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Robustness Gym: Unifying the NLP Evaluation Landscape
Karan Goel | Nazneen Fatema Rajani | Jesse Vig | Zachary Taschdjian | Mohit Bansal | Christopher Ré
Proceedings of the 2021 Conference of the North American Chapter of the Association for Computational Linguistics: Human Language Technologies: Demonstrations

Despite impressive performance on standard benchmarks, natural language processing (NLP) models are often brittle when deployed in real-world systems. In this work, we identify challenges with evaluating NLP systems and propose a solution in the form of Robustness Gym (RG), a simple and extensible evaluation toolkit that unifies 4 standard evaluation paradigms: subpopulations, transformations, evaluation sets, and adversarial attacks. By providing a common platform for evaluation, RG enables practitioners to compare results from disparate evaluation paradigms with a single click, and to easily develop and share novel evaluation methods using a built-in set of abstractions. RG is under active development and we welcome feedback & contributions from the community.

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Goodwill Hunting: Analyzing and Repurposing Off-the-Shelf Named Entity Linking Systems
Karan Goel | Laurel Orr | Nazneen Fatema Rajani | Jesse Vig | Christopher Ré
Proceedings of the 2021 Conference of the North American Chapter of the Association for Computational Linguistics: Human Language Technologies: Industry Papers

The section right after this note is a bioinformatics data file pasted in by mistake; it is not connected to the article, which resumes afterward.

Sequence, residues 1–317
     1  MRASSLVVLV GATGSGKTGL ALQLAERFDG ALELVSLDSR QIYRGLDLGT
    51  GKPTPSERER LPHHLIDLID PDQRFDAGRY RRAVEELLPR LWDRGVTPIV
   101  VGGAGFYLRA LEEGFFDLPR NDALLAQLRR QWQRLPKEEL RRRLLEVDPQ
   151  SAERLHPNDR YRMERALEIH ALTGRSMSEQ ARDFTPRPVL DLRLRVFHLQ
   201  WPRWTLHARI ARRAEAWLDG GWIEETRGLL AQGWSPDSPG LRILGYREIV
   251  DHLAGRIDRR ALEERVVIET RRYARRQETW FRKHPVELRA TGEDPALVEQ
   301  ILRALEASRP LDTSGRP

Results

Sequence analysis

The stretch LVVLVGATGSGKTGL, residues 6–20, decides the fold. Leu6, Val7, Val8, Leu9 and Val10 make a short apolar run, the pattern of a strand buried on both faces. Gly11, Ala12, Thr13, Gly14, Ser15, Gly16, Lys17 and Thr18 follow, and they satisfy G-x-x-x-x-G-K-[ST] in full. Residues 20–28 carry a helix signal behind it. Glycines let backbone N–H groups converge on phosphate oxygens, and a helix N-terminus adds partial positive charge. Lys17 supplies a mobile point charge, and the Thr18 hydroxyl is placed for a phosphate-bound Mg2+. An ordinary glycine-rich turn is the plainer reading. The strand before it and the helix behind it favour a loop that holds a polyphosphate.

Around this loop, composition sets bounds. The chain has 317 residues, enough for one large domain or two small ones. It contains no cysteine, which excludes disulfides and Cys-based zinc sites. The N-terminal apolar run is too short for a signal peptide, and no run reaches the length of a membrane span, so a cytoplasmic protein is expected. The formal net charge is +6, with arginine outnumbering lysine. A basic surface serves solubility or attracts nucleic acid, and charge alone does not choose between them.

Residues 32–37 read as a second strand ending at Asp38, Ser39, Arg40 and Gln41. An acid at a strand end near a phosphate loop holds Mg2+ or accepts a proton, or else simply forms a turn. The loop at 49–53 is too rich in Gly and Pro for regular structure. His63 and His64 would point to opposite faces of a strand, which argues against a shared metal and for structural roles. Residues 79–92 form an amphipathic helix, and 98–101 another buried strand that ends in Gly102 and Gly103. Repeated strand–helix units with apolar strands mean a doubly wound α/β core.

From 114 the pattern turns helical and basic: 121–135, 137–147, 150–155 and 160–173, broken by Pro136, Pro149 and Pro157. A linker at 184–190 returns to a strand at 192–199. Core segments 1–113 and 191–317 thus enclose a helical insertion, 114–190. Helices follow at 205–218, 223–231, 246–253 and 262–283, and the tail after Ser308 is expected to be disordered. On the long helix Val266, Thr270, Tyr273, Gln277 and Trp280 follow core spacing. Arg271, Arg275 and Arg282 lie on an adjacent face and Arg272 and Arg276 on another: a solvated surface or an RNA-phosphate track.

Named entity linking (NEL) or mapping “strings” to “things” in a knowledge base is a fundamental preprocessing step in systems that require knowledge of entities such as information extraction and question answering. In this work, we lay out and investigate two challenges faced by individuals or organizations building NEL systems. Can they directly use an off-the-shelf system? If not, how easily can such a system be repurposed for their use case? First, we conduct a study of off-the-shelf commercial and academic NEL systems. We find that most systems struggle to link rare entities, with commercial solutions lagging their academic counterparts by 10%+. Second, for a use case where the NEL model is used in a sports question-answering (QA) system, we investigate how to close the loop in our analysis by repurposing the best off-the-shelf model (Bootleg) to correct sport-related errors. We show how tailoring a simple technique for patching models using weak labeling can provide a 25% absolute improvement in accuracy of sport-related errors.